Warriors' Biedrins' no longer flying under rivals' radars
By Marcus Thompson II
Posted: 11/27/2008 07:09:56 PM PST
BOSTON — Warriors center Andris Biedrins said the Thanksgiving thing is growing on him.
He said such a holiday isn't celebrated in Latvia, his home country, but he is starting to become a fan of the popular American tradition.
"Because I'm really here like five years," Biedrins said after the Warriors' Turkey Day practice, "I'm getting this feeling because I can see how special it is for everybody else. It's a really, really big thing here, and everybody's really enjoying this day and really happy this day. So I'm kind of trying to just blend in."
Something else growing on Biedrins: the attention he gets with being the man.
"It's not easy to be a superstar," he quipped in his trademark humor.
It's not the attention from fans Biedrins is worried about but the attention he is now getting from opposing defenses. The noticeable dip recently in Biedrins' production, he said, is directly related to being a primary focus of opponents' game plans.
Biedrins opened the season registering double-doubles with the ease of a breakaway layup. In the first 10 games, he averaged 16.8 points and 14.9 rebounds, running his streak of double-doubles to 18 dating to last season.
But lately, reaching double-digits in points and rebounds has become quite the feat. He's done it only once over the past five games, a span in which he averaged 14.6 points and 9.0 rebounds.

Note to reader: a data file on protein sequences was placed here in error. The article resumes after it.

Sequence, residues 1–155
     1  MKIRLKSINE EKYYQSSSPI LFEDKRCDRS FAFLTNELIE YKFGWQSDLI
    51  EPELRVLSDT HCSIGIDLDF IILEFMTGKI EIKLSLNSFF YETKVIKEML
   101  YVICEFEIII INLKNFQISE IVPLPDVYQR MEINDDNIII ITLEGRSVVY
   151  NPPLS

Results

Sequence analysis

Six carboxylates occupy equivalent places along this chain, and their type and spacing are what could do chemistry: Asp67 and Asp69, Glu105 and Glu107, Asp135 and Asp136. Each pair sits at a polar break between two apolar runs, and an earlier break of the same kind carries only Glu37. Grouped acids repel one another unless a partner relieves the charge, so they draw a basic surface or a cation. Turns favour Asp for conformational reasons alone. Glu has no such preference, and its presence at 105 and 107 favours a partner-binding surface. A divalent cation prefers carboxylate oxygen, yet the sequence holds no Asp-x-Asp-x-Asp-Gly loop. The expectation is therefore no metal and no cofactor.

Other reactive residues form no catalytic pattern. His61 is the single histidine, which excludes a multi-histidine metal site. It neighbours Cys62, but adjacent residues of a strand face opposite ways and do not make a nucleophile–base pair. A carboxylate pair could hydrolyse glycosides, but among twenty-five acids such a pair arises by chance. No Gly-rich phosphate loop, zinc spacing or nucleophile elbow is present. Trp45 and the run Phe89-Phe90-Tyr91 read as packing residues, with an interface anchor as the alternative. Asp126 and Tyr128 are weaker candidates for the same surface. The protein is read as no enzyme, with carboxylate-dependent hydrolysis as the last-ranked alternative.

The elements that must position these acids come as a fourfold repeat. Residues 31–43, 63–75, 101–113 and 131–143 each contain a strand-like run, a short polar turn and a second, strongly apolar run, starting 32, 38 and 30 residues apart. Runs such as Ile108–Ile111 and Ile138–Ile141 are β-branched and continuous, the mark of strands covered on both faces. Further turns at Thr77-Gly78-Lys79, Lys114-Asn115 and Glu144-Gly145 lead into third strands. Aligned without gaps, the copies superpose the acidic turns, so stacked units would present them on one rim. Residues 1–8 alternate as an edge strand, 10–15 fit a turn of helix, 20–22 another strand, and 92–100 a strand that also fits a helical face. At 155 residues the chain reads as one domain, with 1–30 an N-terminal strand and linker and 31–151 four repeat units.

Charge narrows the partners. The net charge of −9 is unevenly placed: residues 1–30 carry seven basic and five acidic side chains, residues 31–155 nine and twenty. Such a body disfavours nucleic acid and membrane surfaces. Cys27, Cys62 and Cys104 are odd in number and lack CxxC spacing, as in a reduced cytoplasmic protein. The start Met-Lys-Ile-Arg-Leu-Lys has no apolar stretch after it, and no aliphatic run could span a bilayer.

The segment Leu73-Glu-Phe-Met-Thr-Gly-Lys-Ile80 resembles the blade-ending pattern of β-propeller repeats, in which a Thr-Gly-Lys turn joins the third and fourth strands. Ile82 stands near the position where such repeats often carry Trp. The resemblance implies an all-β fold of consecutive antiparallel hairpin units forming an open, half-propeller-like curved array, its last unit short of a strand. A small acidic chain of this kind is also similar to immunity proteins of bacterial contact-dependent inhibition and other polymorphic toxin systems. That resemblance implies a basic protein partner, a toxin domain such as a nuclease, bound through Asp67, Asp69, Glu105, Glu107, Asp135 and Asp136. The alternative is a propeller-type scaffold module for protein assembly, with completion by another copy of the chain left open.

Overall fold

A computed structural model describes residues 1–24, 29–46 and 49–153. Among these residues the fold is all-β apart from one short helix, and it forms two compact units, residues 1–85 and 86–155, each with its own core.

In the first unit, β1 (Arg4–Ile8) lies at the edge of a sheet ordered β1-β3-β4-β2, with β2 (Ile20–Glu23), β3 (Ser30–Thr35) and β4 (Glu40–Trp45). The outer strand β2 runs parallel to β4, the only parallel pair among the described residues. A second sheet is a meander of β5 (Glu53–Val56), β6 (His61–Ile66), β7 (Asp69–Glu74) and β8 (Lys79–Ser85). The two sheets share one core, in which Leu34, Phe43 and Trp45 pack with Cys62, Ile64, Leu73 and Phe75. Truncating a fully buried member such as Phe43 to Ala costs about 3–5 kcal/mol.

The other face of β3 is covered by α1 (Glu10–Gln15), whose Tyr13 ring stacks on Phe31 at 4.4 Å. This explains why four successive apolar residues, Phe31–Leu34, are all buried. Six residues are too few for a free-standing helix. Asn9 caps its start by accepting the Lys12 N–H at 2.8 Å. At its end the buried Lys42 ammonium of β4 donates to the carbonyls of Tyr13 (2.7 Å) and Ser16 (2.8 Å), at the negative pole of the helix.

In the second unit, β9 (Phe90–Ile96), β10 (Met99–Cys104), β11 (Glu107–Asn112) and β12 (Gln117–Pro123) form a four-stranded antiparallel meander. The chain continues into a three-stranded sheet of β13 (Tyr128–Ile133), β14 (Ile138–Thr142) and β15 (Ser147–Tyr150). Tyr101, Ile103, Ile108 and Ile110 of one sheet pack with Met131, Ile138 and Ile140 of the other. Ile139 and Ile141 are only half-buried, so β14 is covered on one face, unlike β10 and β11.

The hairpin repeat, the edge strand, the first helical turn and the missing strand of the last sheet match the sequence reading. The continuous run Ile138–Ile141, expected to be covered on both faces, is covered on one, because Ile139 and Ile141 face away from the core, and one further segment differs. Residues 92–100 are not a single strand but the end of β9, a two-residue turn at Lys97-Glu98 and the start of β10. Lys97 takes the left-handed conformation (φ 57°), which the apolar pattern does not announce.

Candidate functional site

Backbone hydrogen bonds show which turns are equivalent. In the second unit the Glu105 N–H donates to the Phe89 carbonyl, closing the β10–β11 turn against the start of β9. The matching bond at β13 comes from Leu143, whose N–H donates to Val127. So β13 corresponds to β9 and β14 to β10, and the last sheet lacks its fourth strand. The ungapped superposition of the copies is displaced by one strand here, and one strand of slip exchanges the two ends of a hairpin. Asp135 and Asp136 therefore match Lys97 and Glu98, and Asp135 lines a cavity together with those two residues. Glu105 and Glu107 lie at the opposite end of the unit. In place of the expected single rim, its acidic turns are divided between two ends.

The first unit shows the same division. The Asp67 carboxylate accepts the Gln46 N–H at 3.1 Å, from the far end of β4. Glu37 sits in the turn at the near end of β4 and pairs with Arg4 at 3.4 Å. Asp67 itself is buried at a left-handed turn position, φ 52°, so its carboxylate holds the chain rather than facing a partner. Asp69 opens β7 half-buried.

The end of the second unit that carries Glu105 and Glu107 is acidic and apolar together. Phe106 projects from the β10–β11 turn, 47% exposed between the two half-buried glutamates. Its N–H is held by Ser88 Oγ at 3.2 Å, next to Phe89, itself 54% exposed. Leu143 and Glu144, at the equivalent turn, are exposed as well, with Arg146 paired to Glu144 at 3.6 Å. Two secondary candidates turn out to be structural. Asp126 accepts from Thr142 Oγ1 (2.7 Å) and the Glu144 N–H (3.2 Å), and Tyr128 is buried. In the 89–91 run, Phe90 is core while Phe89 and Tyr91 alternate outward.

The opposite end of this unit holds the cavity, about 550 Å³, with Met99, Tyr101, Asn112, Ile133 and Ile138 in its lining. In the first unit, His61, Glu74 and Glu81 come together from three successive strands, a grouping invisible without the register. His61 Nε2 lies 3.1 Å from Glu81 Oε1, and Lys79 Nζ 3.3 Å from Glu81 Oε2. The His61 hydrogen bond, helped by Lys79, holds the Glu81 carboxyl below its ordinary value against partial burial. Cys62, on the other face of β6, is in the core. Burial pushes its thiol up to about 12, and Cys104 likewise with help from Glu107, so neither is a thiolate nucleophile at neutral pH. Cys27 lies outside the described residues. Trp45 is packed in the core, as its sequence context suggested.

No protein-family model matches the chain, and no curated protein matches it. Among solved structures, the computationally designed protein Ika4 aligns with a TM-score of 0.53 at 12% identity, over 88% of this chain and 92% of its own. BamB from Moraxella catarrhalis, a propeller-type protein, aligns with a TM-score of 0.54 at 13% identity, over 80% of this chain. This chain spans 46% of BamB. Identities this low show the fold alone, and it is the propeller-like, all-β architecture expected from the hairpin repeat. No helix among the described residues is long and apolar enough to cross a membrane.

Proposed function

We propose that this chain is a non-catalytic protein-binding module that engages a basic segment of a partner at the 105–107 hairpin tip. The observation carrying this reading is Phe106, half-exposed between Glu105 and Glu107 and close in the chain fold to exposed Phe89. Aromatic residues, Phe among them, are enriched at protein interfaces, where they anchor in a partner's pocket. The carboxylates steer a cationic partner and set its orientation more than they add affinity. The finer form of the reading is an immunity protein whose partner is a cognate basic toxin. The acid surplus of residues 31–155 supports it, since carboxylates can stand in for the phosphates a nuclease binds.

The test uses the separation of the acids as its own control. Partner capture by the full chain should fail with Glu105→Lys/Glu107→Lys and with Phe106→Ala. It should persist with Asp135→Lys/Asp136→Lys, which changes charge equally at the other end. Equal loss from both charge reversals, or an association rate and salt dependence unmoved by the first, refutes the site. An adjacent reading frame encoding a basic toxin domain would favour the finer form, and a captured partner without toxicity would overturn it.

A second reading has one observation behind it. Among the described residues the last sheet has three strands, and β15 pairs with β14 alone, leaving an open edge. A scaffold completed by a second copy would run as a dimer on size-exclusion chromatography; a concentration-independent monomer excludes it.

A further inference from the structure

Wednesday's loss at Boston was his third consecutive
game in which he failed to do so. He was also held to single-digit points as well as rebounds.
"People are really starting to block me off and really paying a lot of attention, especially to the rebounds," he said. "Now I have to work even more than I worked before because they are really scouting me.
"Same thing offensively. Me and (swingman Stephen Jackson) on those pick-and-rolls, people are taking away those. So we've just got to get some different moves in."
Could some of the decline in production be the result of fatigue? Not only is Biedrins, who signed a six-year, $54 million contract, averaging 35.3 minutes per game (which would easily be a career high), but he also played for his national team this summer.
International players suiting up for their country during the offseason has been a cause for concern across the league. Team executives quietly (some not so quietly) prefer their players not participate in summer tournaments and international play because it robs players of their recuperation period.
Biedrins said he is a little tired. But he said his fatigue is the product of a five-game, seven-day trip.
In the first three games, he's matched up against Philadelphia big men Elton Brand and Samuel Dalembert, Washington's lanky, athletic youngsters Javale McGee and Andray Blatche, and Boston's physical bigs Kevin Garnett and Kendrick Perkins.
He said what fatigue he feels has little to do with playing for Latvia this summer.
"Not really, at least not now," Biedrins said. "Now I feel great. We'll see how the season will go, and you can ask me that same question maybe in January. Then I'll see how I feel.
"It was difficult the last couple of games," he added. "I mean the East Coast is a little bit different. Every team always has really big guys down there. It's always harder to play against East Coast teams."
Biedrins gets to bang with Cleveland's 7-foot-3 center Zydrunas Ilgauskas tonight, as well as frenzied forward Anderson Varejao, so a double-double again might be hard to come by.
Biedrins' concern over not getting double-doubles illustrates his growth. Despite his recent slump, he entered Thursday tied for the league lead in the category with Orlando center Dwight Howard and New Orleans point guard Chris Paul.
Keeping company with those two All-Stars is certainly something for which Biedrins can be thankful.